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Abstract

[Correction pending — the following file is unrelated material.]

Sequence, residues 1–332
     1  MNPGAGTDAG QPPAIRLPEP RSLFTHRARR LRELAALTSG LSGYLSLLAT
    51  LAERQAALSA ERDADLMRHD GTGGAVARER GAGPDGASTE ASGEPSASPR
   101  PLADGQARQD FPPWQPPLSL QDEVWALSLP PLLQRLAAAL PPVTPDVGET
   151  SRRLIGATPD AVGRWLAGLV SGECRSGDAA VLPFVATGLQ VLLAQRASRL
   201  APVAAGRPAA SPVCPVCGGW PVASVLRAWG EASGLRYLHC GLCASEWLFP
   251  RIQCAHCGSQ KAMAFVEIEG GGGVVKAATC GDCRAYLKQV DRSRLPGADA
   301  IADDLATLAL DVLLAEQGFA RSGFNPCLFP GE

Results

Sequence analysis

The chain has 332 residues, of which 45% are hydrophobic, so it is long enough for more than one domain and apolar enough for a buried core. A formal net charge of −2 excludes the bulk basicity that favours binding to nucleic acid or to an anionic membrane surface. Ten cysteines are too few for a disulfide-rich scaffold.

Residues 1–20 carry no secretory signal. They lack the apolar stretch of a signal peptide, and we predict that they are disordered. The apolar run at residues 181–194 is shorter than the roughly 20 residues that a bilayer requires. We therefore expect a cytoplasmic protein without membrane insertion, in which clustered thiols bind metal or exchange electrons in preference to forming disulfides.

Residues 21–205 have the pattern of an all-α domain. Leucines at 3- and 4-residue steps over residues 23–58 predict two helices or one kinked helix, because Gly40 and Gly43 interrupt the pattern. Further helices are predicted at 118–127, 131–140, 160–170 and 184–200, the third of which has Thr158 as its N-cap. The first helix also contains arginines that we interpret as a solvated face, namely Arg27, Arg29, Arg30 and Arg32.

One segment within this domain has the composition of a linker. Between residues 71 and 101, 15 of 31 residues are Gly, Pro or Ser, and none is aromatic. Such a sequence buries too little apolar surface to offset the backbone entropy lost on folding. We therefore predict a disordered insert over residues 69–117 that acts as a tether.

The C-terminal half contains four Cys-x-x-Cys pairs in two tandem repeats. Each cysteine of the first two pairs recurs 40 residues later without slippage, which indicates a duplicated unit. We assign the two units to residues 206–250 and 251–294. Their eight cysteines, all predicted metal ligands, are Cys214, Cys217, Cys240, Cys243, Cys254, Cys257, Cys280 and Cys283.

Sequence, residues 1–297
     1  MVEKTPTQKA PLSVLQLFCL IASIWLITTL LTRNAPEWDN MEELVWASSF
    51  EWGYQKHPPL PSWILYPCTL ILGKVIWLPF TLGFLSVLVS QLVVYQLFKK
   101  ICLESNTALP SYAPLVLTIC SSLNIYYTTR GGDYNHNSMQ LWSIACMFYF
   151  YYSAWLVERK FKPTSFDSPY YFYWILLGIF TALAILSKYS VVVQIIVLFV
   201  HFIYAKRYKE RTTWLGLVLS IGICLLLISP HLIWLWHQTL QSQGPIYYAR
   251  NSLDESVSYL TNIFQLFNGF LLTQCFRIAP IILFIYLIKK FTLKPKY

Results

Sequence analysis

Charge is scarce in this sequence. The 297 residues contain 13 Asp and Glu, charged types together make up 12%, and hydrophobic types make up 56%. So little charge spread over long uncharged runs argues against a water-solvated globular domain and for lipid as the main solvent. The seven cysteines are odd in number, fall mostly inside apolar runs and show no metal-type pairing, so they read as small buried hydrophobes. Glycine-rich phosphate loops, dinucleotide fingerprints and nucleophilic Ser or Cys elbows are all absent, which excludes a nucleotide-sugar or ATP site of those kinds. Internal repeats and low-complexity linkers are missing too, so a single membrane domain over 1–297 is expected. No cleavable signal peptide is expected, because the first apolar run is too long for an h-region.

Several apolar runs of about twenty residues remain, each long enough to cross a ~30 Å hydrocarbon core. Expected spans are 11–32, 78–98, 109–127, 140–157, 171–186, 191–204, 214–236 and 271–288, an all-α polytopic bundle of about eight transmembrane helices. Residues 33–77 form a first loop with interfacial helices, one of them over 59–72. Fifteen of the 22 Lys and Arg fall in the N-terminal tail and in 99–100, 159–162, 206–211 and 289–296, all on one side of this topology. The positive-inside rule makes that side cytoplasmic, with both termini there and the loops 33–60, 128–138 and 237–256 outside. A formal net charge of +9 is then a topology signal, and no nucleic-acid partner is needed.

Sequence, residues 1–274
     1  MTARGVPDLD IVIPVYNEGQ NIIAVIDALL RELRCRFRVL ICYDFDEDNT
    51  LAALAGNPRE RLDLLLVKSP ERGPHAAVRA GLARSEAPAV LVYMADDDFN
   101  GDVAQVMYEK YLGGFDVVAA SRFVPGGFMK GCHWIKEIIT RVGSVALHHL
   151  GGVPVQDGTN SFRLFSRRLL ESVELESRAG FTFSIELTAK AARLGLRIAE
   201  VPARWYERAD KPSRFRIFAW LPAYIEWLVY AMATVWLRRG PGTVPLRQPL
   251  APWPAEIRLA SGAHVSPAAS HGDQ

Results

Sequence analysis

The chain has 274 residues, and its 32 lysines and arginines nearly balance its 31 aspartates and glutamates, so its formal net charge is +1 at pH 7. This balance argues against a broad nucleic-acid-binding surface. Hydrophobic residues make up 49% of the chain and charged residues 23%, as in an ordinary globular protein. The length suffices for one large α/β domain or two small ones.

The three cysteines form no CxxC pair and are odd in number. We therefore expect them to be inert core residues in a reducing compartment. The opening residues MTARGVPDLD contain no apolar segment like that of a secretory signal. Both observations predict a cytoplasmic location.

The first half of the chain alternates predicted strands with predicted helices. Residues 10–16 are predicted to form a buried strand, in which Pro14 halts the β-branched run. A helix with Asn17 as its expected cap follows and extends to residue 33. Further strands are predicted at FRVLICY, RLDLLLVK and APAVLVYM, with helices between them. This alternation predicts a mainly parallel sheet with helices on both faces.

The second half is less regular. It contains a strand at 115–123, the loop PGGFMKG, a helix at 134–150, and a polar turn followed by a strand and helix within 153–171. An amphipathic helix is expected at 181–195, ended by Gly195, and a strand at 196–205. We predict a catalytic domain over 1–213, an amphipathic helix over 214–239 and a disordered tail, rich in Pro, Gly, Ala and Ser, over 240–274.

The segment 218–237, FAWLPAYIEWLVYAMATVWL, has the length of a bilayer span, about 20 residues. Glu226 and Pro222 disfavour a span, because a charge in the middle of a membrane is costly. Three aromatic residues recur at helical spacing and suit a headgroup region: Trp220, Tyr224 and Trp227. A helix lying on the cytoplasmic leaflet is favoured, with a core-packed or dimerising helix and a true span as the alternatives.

This Article analyzes Virginia's effort to remedy massive resistance and posits that, under reparations theory, a broader remedy is necessary to redress the scope of the state's wrongdoing. To do this, Part I briefly examines reparations theory, which provides the tools to identify the proper scope of the injury to be addressed, and, in turn, informs the proper choice of remedy. With this background, Part II discusses the Brown Fund Act and the massive resistance it seeks to remedy. In this connection, the Article demonstrates that the school shutdowns were part of a statewide decision to defy Brown and maintain its tradition of segregation. Part III places that discrimination in historic context, examining Virginia's long history of denying educational opportunities to African Americans. This section demonstrates that the state's intransigence in the face of the Brown decision was but one incident in a centuries-old chain of state-imposed constraints on education for Blacks. Starting with proscriptions against literacy for slaves, and moving to legislation designed to disfranchise Blacks after emancipation, among other means, Virginia used and abused public education to maintain an oppressive social order in which African Americans would perpetually be at the bottom. As a result, Part IV concludes that the Brown Fund Act falls far short of remedying the scope of the state's wrongdoing. In the face of, quite literally, centuries of government abuse of its authority to purposefully exclude its citizens, reparations-that is, a remedy designed to rectify a profound injustice that reverberates today-are necessary. This Part then briefly touches upon the varied forms reparative remedies might take to mend the breach.